Lessons We Can Learn from Tarana Burke

Consent can be conceptualized in a variety of ways, though in our modern discourse, "consent" implies the agreement to engage in sexual behavior. Many of us are familiar with the viral “consent is like tea” video, or at least have heard the “no means no” axiom promoted by organizations like SpeakUP Bucknell. Tarana Burke, founder and vocal proponent of the #MeToo movement, has dedicated her life to creating a culture where consent is universally understood, sought out, and respected. As a survivor of sexual assault, Tarana was the first to use the simple assertion of “me too” to create a space where fellow survivors could come together and feel understood.

Earlier this year, actress Alyssa Milano elevated Tarana’s two simple words to the pinnacle of a global conversation about sexual assault awareness with a simple Tweet.  It read: “Me too. Suggested by a friend: if all the women who have been sexually harassed or assaulted wrote ‘Me too.’ as a status, we might give people a sense of the magnitude of the problem.” Her tweet, inspired by Tarana, went viral, touching survivors and allies across the world.

This past Sunday, Tarana spoke at Bucknell, sharing her experiences and the ways she hopes that #MeToo can continue to aid in the catharsis of survivors. Below are some lessons we can all glean from Tarana’s words.

Healing through empathy, not sympathy.

When a friend is grieving, we have the choice of offering them sympathy or empathy. Often used interchangeably, these terms differ in the way they position the survivor and the confidante. Sympathy is hearing about your friend’s struggles, and saying “I’m so sorry that happened to you.” The specificity of “to you” creates a distance between the friend seeking comfort and the one who can (no longer) provide it. Distinguishing another’s suffering as independent from your own experience only reinforces the isolation they already feel. By opening up to you about their experience, your friend is asking you to incorporate her experience into your own. Empathy, therefore, is finding a common thread between your own experience and that of your friend, and tracing the length of this thread to explore the ways you might be able to relate to, unite with, and support her.

Be attentive and interrogate

Tarana shared on Sunday that men often ask her what they can do to be allies to survivors, or just to women in general. She responded that the key to being an ally to anyone - women, trans folk, people of color, or any other group that experiences oppression - is to be attentive. Look for ways to attack patriarchy and rape culture in your own world. Set higher standards for yourself and your peers. One striking comment that Tarana made was that the aphorism “boys will be boys” is actually quite insulting to men - we understand this statement to mean that boys and men “can’t help” committing offenses of rape and sexist behavior, as if they are mindless animals. Instead of hearing things like this and feeling acquitted of their inappropriate behavior, men should feel insulted and strive to be better and encourage their fellow men to do the same.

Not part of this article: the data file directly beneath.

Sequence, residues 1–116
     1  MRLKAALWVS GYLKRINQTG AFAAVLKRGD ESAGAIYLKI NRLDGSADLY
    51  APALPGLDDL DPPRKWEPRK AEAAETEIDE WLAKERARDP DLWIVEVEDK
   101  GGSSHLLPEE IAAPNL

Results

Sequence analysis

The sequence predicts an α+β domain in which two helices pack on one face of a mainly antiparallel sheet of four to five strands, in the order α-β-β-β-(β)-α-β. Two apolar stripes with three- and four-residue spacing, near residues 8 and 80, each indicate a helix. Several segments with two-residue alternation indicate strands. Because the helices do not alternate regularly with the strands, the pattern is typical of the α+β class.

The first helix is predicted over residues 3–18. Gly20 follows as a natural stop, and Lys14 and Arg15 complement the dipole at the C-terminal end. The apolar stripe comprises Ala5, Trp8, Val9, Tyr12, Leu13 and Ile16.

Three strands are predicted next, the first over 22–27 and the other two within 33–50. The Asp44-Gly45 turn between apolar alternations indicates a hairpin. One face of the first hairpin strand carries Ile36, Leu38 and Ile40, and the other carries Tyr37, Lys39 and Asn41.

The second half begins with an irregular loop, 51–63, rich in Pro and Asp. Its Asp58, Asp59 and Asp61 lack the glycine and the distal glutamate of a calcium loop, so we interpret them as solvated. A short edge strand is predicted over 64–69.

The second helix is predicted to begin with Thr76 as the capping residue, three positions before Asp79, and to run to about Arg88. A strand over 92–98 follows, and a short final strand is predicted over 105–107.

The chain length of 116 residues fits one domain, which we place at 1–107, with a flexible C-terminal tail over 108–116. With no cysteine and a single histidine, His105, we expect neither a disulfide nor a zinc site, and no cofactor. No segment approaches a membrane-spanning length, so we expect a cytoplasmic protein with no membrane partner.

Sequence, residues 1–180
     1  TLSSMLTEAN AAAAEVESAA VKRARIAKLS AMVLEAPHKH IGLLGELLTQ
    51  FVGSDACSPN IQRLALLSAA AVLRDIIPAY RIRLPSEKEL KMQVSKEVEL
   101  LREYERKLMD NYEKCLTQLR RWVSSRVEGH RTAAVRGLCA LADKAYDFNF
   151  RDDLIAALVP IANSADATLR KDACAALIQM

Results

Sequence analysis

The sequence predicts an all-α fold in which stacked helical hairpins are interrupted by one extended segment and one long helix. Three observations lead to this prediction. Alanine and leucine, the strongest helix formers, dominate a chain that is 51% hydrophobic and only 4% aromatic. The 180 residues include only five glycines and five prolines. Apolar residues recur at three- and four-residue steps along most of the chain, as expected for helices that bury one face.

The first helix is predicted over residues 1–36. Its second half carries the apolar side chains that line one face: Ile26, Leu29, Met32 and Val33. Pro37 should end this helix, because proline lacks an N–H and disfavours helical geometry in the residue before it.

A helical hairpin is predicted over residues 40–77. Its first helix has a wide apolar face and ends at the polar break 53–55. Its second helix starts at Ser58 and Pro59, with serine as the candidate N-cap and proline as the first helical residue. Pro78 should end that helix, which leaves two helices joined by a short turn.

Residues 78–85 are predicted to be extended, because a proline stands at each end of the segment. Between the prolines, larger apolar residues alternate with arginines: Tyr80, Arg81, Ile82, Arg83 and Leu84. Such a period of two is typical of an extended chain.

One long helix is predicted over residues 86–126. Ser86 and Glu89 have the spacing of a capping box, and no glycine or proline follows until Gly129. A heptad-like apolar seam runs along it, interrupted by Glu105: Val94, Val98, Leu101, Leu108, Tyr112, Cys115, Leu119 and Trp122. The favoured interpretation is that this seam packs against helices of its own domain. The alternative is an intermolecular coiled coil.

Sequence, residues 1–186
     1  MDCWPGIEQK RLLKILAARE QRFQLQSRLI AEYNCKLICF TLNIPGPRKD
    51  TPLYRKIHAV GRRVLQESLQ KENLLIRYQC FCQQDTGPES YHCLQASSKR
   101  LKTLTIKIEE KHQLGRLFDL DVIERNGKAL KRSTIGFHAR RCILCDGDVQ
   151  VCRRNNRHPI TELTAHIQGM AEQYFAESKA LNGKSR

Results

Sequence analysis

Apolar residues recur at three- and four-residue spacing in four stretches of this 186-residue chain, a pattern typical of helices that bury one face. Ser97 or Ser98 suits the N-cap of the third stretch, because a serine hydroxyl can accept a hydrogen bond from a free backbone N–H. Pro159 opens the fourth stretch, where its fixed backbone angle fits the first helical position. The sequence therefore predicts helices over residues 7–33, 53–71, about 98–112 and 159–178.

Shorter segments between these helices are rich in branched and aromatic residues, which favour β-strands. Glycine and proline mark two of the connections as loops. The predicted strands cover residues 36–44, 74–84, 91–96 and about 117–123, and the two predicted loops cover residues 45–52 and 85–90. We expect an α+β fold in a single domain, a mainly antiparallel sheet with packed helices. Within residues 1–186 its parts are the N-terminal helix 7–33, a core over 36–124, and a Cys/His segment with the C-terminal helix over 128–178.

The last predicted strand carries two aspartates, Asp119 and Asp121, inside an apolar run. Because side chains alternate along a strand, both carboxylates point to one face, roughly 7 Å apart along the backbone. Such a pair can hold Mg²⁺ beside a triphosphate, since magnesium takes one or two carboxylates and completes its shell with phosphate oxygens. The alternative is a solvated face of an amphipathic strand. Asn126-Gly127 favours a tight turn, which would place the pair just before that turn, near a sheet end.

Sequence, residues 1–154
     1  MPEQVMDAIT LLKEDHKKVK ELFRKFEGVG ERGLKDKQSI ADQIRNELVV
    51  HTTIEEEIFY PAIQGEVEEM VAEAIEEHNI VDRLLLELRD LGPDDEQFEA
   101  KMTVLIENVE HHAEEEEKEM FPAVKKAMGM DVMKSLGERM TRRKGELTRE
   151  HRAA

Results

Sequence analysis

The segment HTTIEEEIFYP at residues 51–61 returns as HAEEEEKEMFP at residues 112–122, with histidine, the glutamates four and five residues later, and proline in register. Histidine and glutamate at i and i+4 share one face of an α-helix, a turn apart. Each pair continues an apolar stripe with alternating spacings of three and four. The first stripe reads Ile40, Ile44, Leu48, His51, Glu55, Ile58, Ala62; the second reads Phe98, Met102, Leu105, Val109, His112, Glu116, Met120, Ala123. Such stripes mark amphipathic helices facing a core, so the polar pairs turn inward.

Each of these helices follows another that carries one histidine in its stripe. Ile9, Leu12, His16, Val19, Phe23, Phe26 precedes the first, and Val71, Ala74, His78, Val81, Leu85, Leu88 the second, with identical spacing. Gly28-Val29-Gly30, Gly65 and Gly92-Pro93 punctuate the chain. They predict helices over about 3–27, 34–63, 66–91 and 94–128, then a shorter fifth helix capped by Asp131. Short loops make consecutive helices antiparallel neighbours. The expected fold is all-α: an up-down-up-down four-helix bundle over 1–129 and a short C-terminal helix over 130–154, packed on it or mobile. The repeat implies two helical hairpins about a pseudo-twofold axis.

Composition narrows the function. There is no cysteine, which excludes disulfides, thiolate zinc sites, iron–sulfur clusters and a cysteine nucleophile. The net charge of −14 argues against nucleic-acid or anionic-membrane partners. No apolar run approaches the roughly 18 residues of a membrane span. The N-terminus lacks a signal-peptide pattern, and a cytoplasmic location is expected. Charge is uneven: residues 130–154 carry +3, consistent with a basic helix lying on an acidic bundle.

Privilege itself is not a bad thing; it’s how you use it that matters

Without a doubt, men, especially cisgender white men, are born into a position of social privilege. Our world is structured to give men the upper hand in the personal, political, and professional spheres. But, as Tarana explains, we cannot scorn these men (or anyone else with privilege) for the life they were born into. We can, however, insist that they use their position of privilege to contribute to the social good, demand social justice, and support equitable rights for all. Women in Hollywood, though oppressed by patriarchy just as much as non-famous women, are privileged in that they are hyper-visible. Thus, their adoption of the #metoo movement is a productive and admirable choice, as it has helped create a global conversation about consent.

Find your tribe

When asked what her advice was for individuals interested in career paths based on supporting survivors of abuse, Tarana’s first suggestion was: “find your tribe.” Though the choice of her word “tribe” seems odd at first, it actually makes perfect sense. Her message was that in a community of people who unwaveringly support you, you can achieve anything you desire; finding this group is critical to overcoming the inevitable bumps you will face along the way. Her use of the word “tribe” reinforces not only this notion of unconditional encouragement, but also that of the common thread linking all members therein. Whereas in a “community,” individuals may pick and choose whose lives to concern themselves with, in a tribe, every individual is deeply invested in the well-being of everyone around them.  

Tarana Burke is certainly a role model for the way she has not only overcome adversity, but turned it into a positive thing: #metoo has offered solace to countless survivors of sexual harassment and assault. The conversation her words have created is powerful and long overdue. It is exciting to see how this conversation will grow in the years to come.